GENI and the Changing Face of Cyberinfrastructure
The National Science Foundation’s Global Environment for Network Innovations (GENI) project is a national-scale virtual laboratory for networking and distributed systems research and education. Building on the two fundamental concepts of deep programmability and slicing, GENI enables researchers and educators to conduct multiple simultaneous experiments using distributed, shared, and federated infrastructure components.
The GENI design, development, and deployment community, which includes hundreds of researchers, students, and IT professionals, is participating in a profound change in the way we think about research cyberinfrastructure. A growing cyberinfrastructure coalition is developing, building on GENI, related NSF infrastructure projects, peer projects worldwide, and interoperable commercial cloud infrastructure. This coalition is forging a path to the distributed, shared, agile, and heterogeneous research infrastructure of the next 15 years.
Mark Berman is GENI Project Director. As Project Director, he has overall responsibility for GENI’s technical direction and successful implementation. Mark works with the GENI community, which spans dozens of universities, government and industry partners, to ensure that GENI is well designed, technically feasible, and satisfies its research requirements.
Mark joined the GPO in 2009 as Experimentation Director. Through outreach to GENI experimentalists and advocacy for their requirements, he worked to facilitate the successful integration and execution of a rich variety of experiments that make meaningful use of GENI capabilities. He helped to catalyze the rapid growth of the GENI experimenter community from a handful of experimenters to hundreds.
As Vice President for Technology Development at BBN Technologies, Mark works to bring technical innovations into practical use. He has pursued this goal for more than a quarter century at BBN, beginning in the 1980s when he participated in a successful effort to bring new user interface technology and AI-based pattern recognition and rule-based systems to bear on a major sensor and processing system for the US Navy.
Mark has served as Principal Investigator or Project Manager for several research efforts, with emphases in the areas of user interfaces and distributed computing. As manager of BBN’s Intelligent Computing business, he exercised management oversight over numerous research and technology transition efforts, across a diverse set of disciplines. These include distributed computing tools (e.g., Cougaar agent infrastructure), learning systems, and game-based lightweight immersive training. In previous assignments, leading BBN’s Distributed Systems Technology Development and Distributed Mapping groups, Mark was responsible for oversight of research projects related to the development of distributed systems middleware. These projects include BBN’s QuO (Quality Objects) research area, and distributed geospatial data storage, retrieval, and display mechanisms, based on open distributed system standards, including the OpenMap™ toolkit.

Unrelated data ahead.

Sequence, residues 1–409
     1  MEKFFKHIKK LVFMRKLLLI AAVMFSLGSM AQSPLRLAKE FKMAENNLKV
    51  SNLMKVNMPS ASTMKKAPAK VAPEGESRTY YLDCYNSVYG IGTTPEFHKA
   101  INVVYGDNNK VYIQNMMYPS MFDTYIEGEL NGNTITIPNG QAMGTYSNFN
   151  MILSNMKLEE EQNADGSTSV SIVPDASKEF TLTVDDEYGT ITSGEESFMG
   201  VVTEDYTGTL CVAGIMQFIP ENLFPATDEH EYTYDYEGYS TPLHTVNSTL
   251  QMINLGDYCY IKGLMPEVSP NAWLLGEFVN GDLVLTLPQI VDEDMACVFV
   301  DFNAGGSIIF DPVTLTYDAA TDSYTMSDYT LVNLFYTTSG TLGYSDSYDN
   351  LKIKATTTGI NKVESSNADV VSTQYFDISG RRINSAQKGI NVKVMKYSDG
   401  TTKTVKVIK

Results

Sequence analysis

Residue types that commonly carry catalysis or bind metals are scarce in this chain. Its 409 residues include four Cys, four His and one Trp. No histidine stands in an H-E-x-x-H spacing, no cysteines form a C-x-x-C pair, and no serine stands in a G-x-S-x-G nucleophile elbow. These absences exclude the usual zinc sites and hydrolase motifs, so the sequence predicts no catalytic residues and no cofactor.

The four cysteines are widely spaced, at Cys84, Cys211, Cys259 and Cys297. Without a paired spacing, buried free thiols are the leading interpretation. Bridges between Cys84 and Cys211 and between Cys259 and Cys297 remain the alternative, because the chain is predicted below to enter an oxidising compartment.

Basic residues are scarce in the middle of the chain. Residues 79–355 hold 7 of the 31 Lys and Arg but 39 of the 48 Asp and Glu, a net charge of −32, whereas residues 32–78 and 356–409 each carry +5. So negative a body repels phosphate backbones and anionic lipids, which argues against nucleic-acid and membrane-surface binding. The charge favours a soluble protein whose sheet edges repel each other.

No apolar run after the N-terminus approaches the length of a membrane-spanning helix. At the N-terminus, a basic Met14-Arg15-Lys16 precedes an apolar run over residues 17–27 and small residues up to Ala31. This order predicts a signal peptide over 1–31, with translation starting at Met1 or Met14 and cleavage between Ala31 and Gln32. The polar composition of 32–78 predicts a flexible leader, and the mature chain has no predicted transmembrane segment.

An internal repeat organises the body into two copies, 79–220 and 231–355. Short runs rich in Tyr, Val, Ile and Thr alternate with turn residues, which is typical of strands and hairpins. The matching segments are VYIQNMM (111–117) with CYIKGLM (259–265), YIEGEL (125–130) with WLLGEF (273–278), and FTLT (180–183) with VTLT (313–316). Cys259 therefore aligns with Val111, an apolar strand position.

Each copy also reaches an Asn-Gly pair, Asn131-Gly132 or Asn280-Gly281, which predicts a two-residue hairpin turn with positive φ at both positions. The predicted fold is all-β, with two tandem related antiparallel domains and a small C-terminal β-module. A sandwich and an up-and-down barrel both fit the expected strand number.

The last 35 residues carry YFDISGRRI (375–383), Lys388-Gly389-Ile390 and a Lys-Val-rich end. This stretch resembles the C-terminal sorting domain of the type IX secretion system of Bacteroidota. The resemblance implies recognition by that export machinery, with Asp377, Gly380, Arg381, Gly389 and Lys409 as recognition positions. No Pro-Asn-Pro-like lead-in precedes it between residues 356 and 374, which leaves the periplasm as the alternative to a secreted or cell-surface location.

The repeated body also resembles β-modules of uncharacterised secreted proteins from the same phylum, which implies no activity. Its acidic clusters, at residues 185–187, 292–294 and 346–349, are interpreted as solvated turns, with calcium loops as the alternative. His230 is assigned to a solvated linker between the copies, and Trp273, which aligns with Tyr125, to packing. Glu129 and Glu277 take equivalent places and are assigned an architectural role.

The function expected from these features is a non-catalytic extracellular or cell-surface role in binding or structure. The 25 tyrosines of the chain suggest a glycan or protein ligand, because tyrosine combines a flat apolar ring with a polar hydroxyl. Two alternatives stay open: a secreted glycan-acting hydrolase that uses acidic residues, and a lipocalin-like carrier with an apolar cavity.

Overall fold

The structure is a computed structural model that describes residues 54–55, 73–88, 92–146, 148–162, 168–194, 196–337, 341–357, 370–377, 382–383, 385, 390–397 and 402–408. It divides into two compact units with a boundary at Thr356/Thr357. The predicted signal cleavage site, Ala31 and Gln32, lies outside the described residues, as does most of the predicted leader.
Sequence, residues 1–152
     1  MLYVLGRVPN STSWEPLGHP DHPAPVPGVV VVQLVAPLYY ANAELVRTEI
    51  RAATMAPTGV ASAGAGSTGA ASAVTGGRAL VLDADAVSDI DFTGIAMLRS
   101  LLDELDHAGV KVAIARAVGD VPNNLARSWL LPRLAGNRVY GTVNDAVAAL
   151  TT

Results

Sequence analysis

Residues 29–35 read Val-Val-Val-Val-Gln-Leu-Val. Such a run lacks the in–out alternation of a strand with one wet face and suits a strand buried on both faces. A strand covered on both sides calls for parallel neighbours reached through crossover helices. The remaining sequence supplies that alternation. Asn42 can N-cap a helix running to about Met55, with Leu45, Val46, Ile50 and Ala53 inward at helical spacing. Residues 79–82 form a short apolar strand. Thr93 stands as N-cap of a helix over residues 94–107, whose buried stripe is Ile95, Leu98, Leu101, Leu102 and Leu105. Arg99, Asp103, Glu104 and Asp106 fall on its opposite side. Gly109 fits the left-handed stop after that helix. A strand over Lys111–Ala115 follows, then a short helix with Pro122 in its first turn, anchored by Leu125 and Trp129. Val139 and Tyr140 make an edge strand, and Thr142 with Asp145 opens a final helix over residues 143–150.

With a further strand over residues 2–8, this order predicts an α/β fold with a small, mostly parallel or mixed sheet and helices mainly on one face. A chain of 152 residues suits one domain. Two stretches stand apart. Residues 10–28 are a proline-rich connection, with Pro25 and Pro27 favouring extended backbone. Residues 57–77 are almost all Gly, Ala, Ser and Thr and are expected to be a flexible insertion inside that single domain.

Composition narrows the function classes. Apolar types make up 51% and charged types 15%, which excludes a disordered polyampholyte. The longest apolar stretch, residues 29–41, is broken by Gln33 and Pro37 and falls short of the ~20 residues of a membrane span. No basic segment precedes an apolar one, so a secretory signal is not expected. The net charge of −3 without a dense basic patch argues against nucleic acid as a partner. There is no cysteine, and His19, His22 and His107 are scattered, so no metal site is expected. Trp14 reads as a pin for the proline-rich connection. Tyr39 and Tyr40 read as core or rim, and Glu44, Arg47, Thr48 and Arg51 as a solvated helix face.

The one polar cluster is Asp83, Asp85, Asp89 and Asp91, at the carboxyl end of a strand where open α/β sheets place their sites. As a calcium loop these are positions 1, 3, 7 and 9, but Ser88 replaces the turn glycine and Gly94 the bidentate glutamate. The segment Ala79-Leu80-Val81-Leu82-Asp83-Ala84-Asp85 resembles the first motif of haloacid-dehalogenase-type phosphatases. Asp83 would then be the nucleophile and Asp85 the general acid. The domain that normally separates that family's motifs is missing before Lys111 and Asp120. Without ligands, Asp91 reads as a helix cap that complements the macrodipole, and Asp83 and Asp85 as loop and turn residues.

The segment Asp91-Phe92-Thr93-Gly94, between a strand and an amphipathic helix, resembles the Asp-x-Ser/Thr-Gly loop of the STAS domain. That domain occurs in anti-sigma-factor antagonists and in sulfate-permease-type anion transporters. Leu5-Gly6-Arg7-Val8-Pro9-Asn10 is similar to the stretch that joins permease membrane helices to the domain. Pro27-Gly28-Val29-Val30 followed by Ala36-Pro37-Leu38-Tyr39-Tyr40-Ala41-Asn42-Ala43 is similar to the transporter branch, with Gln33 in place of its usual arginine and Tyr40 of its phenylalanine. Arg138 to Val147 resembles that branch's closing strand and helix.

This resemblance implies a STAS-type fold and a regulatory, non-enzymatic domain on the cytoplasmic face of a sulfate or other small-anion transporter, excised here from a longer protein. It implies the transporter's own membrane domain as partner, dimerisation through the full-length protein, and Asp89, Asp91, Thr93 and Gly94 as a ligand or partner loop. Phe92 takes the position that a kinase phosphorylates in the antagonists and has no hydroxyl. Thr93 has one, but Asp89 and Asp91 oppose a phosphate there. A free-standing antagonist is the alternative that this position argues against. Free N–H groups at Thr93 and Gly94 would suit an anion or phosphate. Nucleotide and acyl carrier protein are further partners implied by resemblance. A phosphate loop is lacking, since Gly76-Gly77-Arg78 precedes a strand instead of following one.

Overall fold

Mark holds A.B. and S.M. degrees in computer science from Harvard. He has twice (1966, 2006) been named Time’s Person of the Year (shared).
Networking Research using GENI – Network Access Control to Software Defined Exchanges
Our work with GENI has grown from the laboratory, to the campus, to the regional network and now the international exchange. The theme for much of our work is to find ways to support more agile and fine-grained network policies. In this talk we will present our work helping to create GENI and our ongoing research that leverages the unique capabilities of GENI for large scale, distributed experimentation.
Russ Clark is a Senior Research Scientist in Georgia Tech’s School of Computer Science, who engages hundreds of students each semester in mobile development, networking and the Internet of Things. He emphasizes innovation, entrepreneurship and industry involvement in student projects and application development. He is the co-director of the Georgia Tech Research Network Operations Center (GT-RNOC), which supports research efforts across campus, and principal leader of the Convergence Innovation Competition, which pairs students and industry sponsors on novel projects. He has played a leadership role in the NSF GENI project, leading both the GT campus trials efforts as well as the GENI@SoX regional deployment and the Software Defined Exchange (SDX). He is active in the startup community, including roles with the National Science Foundation Innovation Corps program and as a principle with Empire Technologies during its acquisition by Concord Communications.
ChoiceNet: Prototyping an Economy Plane for the Internet
Deployment of innovative networking functionality requires economic incentives for providers. In this talk, I describe our work on developing an Internet “economy plane” that enables customers and providers to buy and sell network services dynamically and at short time scales. I discuss how our ChoiceNet project enables interactions between entities and how innovative new services can be deployed without requiring the ownership of complex infrastructure. I also present results from our economy plane prototype that we have implemented on GENI. Finally, I argue that an economy plane can be added to many current and future network architectures providing a basis for continued innovation in networking.
Tilman Wolf is Professor of Electrical and Computer Engineering and Associate Dean of Engineering at the University of Massachusetts Amherst. He is engaged in research and teaching in the areas of computer networks, computer architecture, and embedded systems. He was lead principle investigator on the ChoiceNet project, one of five large NSF Future Internet Architecture (FIA) projects. He is a senior member of the IEEE and the ACM.